HuffPo’s Twist on Sponsored Content

While BuzzFeed gets all the press for “native” advertising, The Huffington Post was there first, rolling out sponsored posts back in 2010.

Now owned by AOL, HuffPo is taking a different approach in responding to the “brands as publishers” trend. Rather than create content for brands, HuffPo’s social marketing team gathers articles around a topic dear to the brand and presents them in a brand-owned environment with ample display advertising.

For example, Cisco’s sponsored page is about the intersection of technology, people and social, and has a piece about Bono proclaiming “extreme poverty” can be eliminated by 2030; another article about how technology has brought down the crime rate in America; and a post from Cisco’s CTO about the Internet of things. Clicking on articles from the section takes the user to the article page with a giant Portrait display ad along the right rail carrying Cisco videos around its “Mind Wide Open” campaign.

“We are empowering brands to take ownership of the real-time stories they want to tell by putting in place the right content strategy, by connecting it deeply to social to maximize earned media, and by strategically aligning content and paid advertising strategies,” said Janet Balis, the Huffington Post’s publisher.

The program is different from those done by BuzzFeed and Forbes in that HuffPo isn’t producing content for brands. Instead, the pages aggregate — or curate, if you must — HuffPo articles around subject matters. The idea is that these articles reinforce the brand’s message in a more believable way. Scale is also important. According to ComScore, HuffPo saw 45.3 million uniques in December 2012.

A major similarity of all these approaches is that successful publishers, particularly in social, are giving their advertisers the same tools as their editors. Whether it’s keys to the CMS or it’s training brands how to create content that’s shareable, publishers are figuring out a niche. And create some revenue, to boot. HuffPo wouldn’t disclose how much these sponsored pages run. 

Started last May, The Huffington Post’s approach to these sponsored pages is between the interaction of content and conversation. This makes sense, as it has social media in its DNA. Its philosophy is, as Balis noted, like that of a flywheel: more sharing leads to more finding, and if more people find content, there are greater opportunities to share it. For example, for the first 10 days of the Cisco deal, it reached 10 million Twitter accounts and generated 20 million Twitter impressions.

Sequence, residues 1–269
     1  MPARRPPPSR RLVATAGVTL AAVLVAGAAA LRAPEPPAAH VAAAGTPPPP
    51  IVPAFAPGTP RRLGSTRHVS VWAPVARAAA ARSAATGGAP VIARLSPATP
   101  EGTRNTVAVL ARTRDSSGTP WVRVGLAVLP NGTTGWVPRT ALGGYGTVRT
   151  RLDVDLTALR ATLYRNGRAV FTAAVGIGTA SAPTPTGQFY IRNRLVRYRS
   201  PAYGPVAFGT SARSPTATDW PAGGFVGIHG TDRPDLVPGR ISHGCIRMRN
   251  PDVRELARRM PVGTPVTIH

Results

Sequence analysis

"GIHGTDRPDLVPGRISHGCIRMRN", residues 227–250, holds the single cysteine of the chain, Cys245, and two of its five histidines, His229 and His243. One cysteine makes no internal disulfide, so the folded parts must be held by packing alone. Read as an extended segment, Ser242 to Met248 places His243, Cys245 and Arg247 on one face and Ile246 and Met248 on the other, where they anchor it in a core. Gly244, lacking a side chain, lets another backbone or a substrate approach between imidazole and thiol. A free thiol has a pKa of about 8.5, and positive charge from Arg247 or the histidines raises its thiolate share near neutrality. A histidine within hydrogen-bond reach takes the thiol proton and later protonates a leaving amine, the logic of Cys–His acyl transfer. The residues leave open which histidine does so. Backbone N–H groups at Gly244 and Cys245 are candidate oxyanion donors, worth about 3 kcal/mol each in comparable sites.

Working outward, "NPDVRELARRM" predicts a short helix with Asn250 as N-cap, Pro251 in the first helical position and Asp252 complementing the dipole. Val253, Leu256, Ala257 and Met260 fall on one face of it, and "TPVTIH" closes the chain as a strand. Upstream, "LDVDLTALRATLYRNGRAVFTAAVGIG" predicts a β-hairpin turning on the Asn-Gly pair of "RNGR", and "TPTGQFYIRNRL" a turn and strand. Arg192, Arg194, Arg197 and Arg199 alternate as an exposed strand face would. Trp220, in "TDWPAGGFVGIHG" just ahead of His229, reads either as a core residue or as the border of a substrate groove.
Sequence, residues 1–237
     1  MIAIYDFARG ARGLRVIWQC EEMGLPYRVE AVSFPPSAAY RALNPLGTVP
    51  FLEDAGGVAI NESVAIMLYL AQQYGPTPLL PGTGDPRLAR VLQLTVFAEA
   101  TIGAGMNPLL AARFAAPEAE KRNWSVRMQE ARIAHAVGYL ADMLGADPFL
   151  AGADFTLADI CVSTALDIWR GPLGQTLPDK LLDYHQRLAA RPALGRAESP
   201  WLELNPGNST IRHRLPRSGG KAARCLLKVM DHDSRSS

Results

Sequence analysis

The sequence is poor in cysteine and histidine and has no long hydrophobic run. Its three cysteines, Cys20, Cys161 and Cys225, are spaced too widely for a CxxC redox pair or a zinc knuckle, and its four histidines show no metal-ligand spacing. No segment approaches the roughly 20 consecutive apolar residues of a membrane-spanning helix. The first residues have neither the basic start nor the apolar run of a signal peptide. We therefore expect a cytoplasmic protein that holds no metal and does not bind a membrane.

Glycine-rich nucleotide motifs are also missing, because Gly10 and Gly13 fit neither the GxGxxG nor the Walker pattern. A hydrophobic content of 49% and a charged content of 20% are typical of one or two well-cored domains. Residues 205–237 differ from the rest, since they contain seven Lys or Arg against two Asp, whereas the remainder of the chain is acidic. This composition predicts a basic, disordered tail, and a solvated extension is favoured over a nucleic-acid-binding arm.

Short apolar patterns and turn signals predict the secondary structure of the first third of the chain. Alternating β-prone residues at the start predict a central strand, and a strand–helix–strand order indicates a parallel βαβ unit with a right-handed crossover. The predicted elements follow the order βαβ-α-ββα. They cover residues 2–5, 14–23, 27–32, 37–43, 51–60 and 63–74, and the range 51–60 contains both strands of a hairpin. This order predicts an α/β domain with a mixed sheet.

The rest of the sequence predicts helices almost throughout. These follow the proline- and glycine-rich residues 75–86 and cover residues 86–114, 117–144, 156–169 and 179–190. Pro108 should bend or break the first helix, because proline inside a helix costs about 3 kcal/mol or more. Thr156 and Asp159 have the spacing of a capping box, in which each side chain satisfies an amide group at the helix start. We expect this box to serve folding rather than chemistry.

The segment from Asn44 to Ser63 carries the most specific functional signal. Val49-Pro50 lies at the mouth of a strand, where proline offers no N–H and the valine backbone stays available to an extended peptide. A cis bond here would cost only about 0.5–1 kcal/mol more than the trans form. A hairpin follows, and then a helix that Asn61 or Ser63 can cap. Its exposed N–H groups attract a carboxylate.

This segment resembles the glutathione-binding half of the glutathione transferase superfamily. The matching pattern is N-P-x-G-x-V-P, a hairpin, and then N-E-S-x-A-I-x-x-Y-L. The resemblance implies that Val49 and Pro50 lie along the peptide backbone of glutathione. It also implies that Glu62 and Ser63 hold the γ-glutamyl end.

Another example is Johnson & Johnson’s Global Motherhood campaign. The brand launched an editorial section on the site devoted to maternal health and the publication tapped into the types of editorial around the topic, letting Johnson & Johnson showcase its leadership. In the first three months of the dedicated site, which has a blend of Johnson & Johnson-created content, as well as content culled from around the Web by Huffington Post staffers, there were 4.3 million unique visitors and more than 570,000 social interactions on Facebook and Twitter.

“I’m blown away by what they have,” said John McCarus, svp and group director of content at Digitas. “Because they’re a massive real-time news gathering news organization, they have built a platform solution that they are white labeling as the most robust and comprehensive content-creation, tracking, curation and distribution offering out there. We’re really excited about Huffington Post’s solution. I don’t think anyone else out there can come close to touching it.”

But these forms of branded content are evolving. HuffPo has a team of 10 social marketing managers and editors to build the brand pages. There’s plenty of editorial to choose from: HuffPo produces about 1,600 articles per day, or one piece every 58 seconds.

Balis looks at this as “branded content” because it doesn’t fit on an IO. She argues that there tend to be “thoughtful solutions around partnerships, and they range from brands looking to us to assist them with what they’re publishing, to brands bridging gaps until ready to take on certain capabilities internally.” Though she added, “We’re not trying to become an agency.”

Looking at the intersection between content and conversation, she found two drivers — its custom-built CMS, and the way it trains its newsroom to be social — as an opportunity to help brands not only become publishers but to become “newsrooms.” Brands need to keep pace with Twitter, and as brands contemplate branded content, they have to disrupt their thinking. It’s not just about creating content but having volume — and velocity — to connect to the social landscape.

“This isn’t just about a content solution or tech solution but a holistic view of content, audience and technology,” Balis said. “There are plenty of people embracing the idea of organic ad placements and intelligent advertorial strategies, but we’re focused on producing content, and connecting to social landscape and be analytical about science that can inform how to make these stories bigger.”

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